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You've Lost That Lovin' Feeling

“I love you.” Three simple words that can pop the bubble wrap around a heart, words that dreams are built upon, for which you might do stupid things to hear. Words that prove you're not alone. In the case of Dan, I can’t recall if we ever actually exchanged those words, but I know I felt it. Mad, crazy love. Re-route your path around campus for a glimpse kinda love. And I think he felt it too. For a time.

But I should have known what was coming when I walked to Dan’s dorm room the night before school closed for Christmas break carrying his present wrapped in green foil paper and tied with a silver bow. We both had exams the next morning, but we’d planned a romantic pre-holiday dinner. I’d been thinking about our date for days, what I’d wear, where we might go, the sex afterwards. I’d planned my study schedule to ensure I was prepped for my final final well in advance. I wanted to be fully present for my present. To me, no test was as important as the last night the two of us would be together for three whole weeks.

Dan had Paul Newman eyes, exotic Northeast sensibilities, a love of sports and a way with words. He told me once that he loved girls in pink and the scent of Obsession perfume drove him crazy. He wrote a sports column for the college paper and I spent hours studying the rosters of his hometown teams so I could chime in when we watched football on Sundays at his fraternity house. “Jim Kelly hasn’t thrown like that since he was MVP in the Peach Bowl for Miami!” I’d casually throw into the conversation as I reached for a Dorito.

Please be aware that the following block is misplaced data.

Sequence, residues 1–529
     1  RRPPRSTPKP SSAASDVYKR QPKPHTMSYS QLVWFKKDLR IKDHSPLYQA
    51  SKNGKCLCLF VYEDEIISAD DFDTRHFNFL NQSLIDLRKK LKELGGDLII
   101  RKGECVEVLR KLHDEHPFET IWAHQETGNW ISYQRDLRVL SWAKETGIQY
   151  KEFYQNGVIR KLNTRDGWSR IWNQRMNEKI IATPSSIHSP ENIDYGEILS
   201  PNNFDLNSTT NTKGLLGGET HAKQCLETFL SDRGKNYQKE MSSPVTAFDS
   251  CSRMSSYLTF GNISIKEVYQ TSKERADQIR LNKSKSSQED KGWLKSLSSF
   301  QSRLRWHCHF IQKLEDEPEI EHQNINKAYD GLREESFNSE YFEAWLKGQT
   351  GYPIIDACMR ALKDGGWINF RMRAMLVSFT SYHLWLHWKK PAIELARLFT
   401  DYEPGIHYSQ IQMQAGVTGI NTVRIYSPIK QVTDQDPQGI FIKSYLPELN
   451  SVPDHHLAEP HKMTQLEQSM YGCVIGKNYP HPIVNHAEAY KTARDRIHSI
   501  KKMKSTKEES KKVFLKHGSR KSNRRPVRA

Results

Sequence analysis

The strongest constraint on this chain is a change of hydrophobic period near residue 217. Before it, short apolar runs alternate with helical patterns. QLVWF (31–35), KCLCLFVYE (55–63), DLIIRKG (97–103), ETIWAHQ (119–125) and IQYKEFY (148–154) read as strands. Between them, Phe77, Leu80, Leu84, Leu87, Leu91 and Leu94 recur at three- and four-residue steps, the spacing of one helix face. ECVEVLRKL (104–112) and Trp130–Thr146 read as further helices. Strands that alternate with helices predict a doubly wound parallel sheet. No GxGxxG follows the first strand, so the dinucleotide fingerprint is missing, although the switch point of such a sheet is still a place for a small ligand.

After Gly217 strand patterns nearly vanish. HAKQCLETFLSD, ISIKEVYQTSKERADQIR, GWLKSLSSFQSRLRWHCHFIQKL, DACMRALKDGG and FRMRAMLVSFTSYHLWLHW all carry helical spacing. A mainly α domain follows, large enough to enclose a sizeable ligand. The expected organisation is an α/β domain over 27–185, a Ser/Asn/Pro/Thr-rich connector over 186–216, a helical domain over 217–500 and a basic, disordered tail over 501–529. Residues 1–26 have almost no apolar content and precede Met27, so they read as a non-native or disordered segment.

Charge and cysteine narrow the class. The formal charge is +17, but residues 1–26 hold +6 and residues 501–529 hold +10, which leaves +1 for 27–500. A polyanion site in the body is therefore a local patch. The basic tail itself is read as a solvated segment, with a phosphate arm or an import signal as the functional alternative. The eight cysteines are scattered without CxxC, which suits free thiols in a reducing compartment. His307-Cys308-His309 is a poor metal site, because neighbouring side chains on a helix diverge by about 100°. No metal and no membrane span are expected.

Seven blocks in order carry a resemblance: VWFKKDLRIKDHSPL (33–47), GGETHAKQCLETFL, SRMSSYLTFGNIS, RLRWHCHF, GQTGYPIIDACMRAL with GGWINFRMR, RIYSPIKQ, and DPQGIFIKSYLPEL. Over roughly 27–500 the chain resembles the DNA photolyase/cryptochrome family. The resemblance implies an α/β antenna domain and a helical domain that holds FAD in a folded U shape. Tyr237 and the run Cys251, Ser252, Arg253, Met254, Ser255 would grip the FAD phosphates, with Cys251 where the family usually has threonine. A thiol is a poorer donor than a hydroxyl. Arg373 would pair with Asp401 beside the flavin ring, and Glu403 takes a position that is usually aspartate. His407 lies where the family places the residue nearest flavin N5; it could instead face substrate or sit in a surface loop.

But that morning, Dan pushed our time back. Then he called a couple hours later to say he didn’t think dinner would work after all. “Maybe we can just exchange gifts after the holidays?” he said a little too casually, as if the last three months weren’t the best months of his life. Well, I couldn’t have that. “How about I come over?” I suggested brightly, “I really want you to have your gift before you leave!” And that was true. I needed for him to have the carefully framed collage of photos of us together so he could share our love with his family back in New York. There were images of us with our faces painted at the Duke football game, smiling arm in arm under the dome of the Old Well, and toasting at a table at Spanky’s. I wanted to make sure he remembered that I was one of the best things about fall semester and would be the best thing about coming back in 1988.

So I showed up at his dorm wearing my newest pink-striped sweater and a solid spritz of Obsession. Our hug was, well, not as affectionate as I might have liked. We sat on his twin mattress and I handed him his gift. He opened and it and put it on his desk. “You could bring it home,” I suggested, “In case you miss me.”